If mailing your creations, be sure to pack them in sturdy boxes with no room to shift or rattle around.
Banana (Bran) Bread of Kings
I found this recipe back when I followed a very low fat diet. It’s delicious and healthier than most banana breads.
Recipe adapted from Vegweb.com and Fatfree.com
Serves 16 (1 loaf)
Preparation Time: 20 minutes to mix, 45 minutes to bake
1 cup ready-to-eat bran cereal (bran flakes)
1 cup mashed ripe banana (2 or 3 average bananas)
3 tablespoons applesauce (or shortening – see note)
1/2 cup Sucanat or unbleached sugar
1/4 cup + 2 tablespoon boiling water
1 1/2 cups sifted unbleached all purpose flour
2 teaspoon baking soda
1/2 teaspoon salt
Pre-heat oven to 350 F. Spray a 9 X 5 inch loaf pan with pan spray.
Measure bran, banana, applesauce and sugar in a large bowl. Add the water and stir.
In another bowl, sift together flour, baking soda, and salt. Add this to the banana mixture, stirring only until combined.
Pour into bread pan and bake at 350 for about 45 minutes, or until a toothpick inserted into the center comes out clean.
Notes: If you don’t mind the extra fat and calories, use 3 tablespoons of Spectrum Organic Shortening instead of the applesauce.
Uncle Sam Cereal works nicely in this, as should any bran flake cereal.
Classic Cranberry Nut Bread
This is my husband’s favorite.
Recipe By: Lisa T. Bennett, adapted from Ocean Spray Cranberries
Serves 16 (1 loaf)
Preparation Time: 20 minutes to mix, 55 minutes to bake
2 cups flour (see note)
1 cup unbleached sugar
1 1/2 teaspoons baking powder
1 teaspoon salt
1/2 teaspoon baking soda
1 1/2 teaspoons Ener-G egg replacer powder (dry, no water)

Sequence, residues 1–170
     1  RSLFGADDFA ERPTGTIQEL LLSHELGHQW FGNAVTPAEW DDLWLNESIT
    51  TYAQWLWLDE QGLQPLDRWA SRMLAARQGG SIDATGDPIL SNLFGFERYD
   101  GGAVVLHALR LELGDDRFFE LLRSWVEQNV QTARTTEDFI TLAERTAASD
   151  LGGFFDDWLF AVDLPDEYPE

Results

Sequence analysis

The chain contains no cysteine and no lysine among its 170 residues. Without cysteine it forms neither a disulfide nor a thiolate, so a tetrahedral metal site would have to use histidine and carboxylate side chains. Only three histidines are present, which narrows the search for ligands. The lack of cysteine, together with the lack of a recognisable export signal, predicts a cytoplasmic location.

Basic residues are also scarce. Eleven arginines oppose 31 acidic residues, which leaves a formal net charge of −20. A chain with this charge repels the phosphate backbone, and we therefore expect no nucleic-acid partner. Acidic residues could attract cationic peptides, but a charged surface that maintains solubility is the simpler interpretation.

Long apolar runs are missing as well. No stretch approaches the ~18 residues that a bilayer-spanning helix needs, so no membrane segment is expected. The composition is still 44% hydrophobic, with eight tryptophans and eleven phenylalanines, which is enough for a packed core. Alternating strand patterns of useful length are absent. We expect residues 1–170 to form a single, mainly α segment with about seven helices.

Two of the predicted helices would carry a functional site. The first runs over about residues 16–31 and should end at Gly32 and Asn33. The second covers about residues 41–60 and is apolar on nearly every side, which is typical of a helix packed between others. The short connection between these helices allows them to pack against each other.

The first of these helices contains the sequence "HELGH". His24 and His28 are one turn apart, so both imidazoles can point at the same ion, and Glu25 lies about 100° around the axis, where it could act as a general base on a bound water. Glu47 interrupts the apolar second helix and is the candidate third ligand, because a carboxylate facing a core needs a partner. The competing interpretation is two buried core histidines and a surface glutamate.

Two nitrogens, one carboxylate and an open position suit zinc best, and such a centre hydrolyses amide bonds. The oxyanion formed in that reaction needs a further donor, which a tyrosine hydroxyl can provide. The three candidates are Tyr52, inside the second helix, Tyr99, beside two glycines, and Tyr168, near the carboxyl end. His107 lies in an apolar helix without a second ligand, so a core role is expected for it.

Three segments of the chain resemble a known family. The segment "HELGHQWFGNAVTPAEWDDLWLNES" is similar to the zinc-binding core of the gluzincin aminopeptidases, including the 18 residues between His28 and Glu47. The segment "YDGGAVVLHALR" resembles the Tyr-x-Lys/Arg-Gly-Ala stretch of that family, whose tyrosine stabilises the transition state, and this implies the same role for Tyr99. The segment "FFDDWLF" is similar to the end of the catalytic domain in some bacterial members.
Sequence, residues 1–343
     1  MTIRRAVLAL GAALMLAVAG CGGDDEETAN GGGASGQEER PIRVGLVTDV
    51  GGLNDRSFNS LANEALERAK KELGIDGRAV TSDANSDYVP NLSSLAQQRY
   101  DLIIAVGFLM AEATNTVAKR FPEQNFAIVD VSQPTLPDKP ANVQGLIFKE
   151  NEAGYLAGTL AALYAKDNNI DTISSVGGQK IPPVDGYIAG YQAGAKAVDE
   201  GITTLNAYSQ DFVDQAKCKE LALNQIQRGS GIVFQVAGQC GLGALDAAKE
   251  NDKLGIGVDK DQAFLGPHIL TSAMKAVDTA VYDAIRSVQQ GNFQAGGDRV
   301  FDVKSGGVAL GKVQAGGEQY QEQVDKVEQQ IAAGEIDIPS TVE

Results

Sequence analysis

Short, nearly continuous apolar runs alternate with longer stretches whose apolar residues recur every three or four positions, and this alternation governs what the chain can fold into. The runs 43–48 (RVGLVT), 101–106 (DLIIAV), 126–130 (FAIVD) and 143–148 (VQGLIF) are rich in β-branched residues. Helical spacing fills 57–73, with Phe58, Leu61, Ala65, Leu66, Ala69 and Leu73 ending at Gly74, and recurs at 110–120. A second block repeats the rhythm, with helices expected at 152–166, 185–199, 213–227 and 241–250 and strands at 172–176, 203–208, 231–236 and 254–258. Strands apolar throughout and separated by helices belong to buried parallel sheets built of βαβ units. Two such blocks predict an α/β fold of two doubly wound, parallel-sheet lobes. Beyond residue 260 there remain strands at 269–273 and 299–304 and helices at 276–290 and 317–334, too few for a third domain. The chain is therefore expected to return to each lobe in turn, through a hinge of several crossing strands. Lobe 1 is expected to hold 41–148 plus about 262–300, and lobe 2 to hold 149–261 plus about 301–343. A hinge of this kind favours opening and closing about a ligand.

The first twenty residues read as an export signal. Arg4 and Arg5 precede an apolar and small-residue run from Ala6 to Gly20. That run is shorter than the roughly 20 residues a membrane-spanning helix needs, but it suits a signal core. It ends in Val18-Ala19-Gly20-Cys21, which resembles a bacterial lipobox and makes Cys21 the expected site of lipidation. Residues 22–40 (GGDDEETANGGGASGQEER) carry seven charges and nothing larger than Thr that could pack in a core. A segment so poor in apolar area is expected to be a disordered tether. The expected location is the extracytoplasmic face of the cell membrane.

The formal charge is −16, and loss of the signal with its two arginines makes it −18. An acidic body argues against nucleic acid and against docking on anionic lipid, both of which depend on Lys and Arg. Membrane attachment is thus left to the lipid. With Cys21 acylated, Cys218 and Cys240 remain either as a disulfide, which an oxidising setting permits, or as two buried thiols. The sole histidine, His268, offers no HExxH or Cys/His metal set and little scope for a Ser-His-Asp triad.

3/4 cup orange juice
1 tablespoon grated orange peel (organic if possible)
2 tablespoons Spectrum Organic shortening
1 1/2 cups fresh or frozen cranberries, coarsely chopped
1/2 cup chopped walnuts
Preheat oven to 350ºF. Grease a 9 x 5-inch loaf pan.
Mix together flour, sugar, baking powder, salt, baking soda, and Ener-G egg replacer powder in a medium mixing bowl. Stir in orange juice, orange peel, and shortening. Mix until well blended. Stir in cranberries and nuts. Spread evenly in loaf pan.
Bake for 55 minutes or until a toothpick inserted in the center comes out clean. Cool on a rack for 15 minutes. Remove from pan; cool completely. Wrap and store overnight. Makes 1 loaf (16 slices).
Notes: Flour can be all-purpose unbleached or 1 cup all purpose unbleached and 1 cup whole wheat pastry flour (my favorite). You can make it with 2 cups of whole wheat pastry flour, but it will probably be a little heavy.
My siste- in-law requests this one every year.
Recipe By: Lisa T. Bennett
Serves 32 (2 loaves)
Preparation Time: 20 minutes to mix, 1 hour to bake
1 cup canola oil
2 cups Sucanat (or unbleached sugar)
1 1/2 cups prepared chai concentrate without milk (see note)
2 1/2 cups unbleached all-purpose flour
2 1/2 cups whole wheat pastry flour
2 teaspoons baking powder
2 teaspoons baking soda
1 teaspoon salt
3 cups pears, diced small
Preheat the oven to 350 F. Prepare two 9 X 5 inch loaf pans (grease and flour or use pan spray).
Whisk the oil, Sucanat, and chai mix together.
In a separate bowl, sift the flours, baking powder, baking soda, and salt. Whisk the wet ingredients into the dry ingredients, mixing quickly (lumps are OK). Stir in the pear pieces. Divide the batter evenly between the two pans. (Fill the pans no more than 3/4 full. If you have extra batter, make muffins.) Add streusel topping if you like. Bake loaves at 350 F for about 1 hour, or until a toothpick inserted into the center of a loaf tests clean.
Note: I like Oregon Chai’s Organic Original. Most of their other varieties have honey in them, so keep an eye out if this is a concern for you.
Recipe By: Lisa T. Bennett
Preparation Time: 5 minutes
2 tablespoons Earth Balance margarine, softened
2 tablespoons flour
4 tablespoons Sucanat
Put all ingredients into a medium bowl and rub with your fingers until crumbly. Sprinkle lightly over muffins or loaf-style quick breads. Bake as per recipe.